Alexa Rohingya genocide: ICJ to announce verdict today

Dhaka, Thursday   27 February 2020


Rohingya genocide: ICJ to announce verdict today

 Staff Correspondent

 Published: 09:59 AM, 23 January 2020   Updated: 12:58 PM, 23 January 2020

Photo: Collected

Photo: Collected

The International Court of Justice (ICJ), the top court of United Nations (UN), is set to issue a decision on a request for emergency measures in a genocide case against Myanmar on Thursday, said a World Court press release. 

On November 11, Gambia’s Attorney General and Minister for Justice Abubakar Tambadou filed the suit, alleging Myanmar was committing “an ongoing genocide” against its minority Muslim Rohingya population.

The Gambia, a tiny, mainly Muslim West African nation, has accused Myanmar of violating the 1948 Genocide Convention in a military campaign that expelled more than 730,000 Rohingya from the country. It asked the International Court of Justice to order “provisional measures” to prevent more harm, a first step in a legal case that is expected to go on for years. 

State Counsellor of Myanmar Aung San Suu Kyi travelled to The Hague last month to defend her country against the charges. She denied that genocide was taking place and said the court has no jurisdiction to hear the case.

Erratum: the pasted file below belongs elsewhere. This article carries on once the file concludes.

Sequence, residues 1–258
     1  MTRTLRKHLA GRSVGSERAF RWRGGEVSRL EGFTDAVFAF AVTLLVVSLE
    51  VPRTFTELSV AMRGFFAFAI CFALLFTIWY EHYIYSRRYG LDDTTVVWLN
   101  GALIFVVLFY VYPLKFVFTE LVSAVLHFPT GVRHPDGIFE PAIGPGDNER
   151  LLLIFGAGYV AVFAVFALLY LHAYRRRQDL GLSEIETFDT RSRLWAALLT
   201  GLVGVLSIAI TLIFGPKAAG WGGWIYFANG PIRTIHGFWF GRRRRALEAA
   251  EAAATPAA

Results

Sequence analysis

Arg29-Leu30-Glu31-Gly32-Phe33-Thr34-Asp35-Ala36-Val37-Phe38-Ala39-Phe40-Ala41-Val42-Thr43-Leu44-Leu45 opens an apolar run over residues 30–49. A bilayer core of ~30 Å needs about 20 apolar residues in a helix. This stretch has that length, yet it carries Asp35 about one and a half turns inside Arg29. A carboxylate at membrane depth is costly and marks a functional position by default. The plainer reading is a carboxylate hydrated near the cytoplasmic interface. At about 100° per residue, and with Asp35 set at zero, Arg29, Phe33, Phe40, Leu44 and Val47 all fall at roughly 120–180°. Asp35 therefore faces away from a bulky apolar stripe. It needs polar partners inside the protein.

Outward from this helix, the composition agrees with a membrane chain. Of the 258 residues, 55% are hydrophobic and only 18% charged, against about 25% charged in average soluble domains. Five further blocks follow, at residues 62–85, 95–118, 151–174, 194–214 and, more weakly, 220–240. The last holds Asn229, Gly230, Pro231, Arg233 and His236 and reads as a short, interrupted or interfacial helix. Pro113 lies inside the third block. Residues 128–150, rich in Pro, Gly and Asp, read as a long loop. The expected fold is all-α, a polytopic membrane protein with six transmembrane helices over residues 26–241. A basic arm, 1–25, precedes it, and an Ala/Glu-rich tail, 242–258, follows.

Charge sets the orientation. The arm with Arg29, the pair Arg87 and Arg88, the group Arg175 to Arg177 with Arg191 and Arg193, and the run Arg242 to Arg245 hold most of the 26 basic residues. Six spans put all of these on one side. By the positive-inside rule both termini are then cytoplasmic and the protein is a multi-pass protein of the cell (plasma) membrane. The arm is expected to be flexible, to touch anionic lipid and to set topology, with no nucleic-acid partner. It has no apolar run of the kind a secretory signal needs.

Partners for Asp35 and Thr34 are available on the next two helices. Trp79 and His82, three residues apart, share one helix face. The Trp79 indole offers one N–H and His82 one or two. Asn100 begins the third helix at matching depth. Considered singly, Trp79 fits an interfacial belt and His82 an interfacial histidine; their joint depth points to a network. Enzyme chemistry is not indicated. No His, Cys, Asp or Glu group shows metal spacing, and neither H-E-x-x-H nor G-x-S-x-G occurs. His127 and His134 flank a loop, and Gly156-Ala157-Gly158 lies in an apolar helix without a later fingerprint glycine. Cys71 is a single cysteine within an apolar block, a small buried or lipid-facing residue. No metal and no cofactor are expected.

Suu Kyi, once championed in the West for her decades-long fight for democracy for Myanmar, said Myanmar did investigate and prosecute soldiers and officers accused of crimes. She said that under those circumstances, the court should not intervene. 

Gambia lodged its lawsuit after winning the support of the Organisation for Islamic Cooperation (OIC), which has 57 member states. Only a state can file a case against another state at the ICJ. The Gambia has said Myanmar cannot be trusted to bring alleged military perpetrators of crimes against the Rohingya to justice.

It has asked the court to order provisional measures for Myanmar to stop its forces committing “all acts that amount to or contribute to the crime of genocide” against the Rohingya including killing, rape and destruction of homes and villages. The Gambia also asked judges to order Myanmar to ensure any evidence of atrocities is preserved. 

The International Court of Justice’s decisions are binding and not subject to appeal, though the court has no means of enforcement and countries have occasionally ignored them or failed to adhere fully.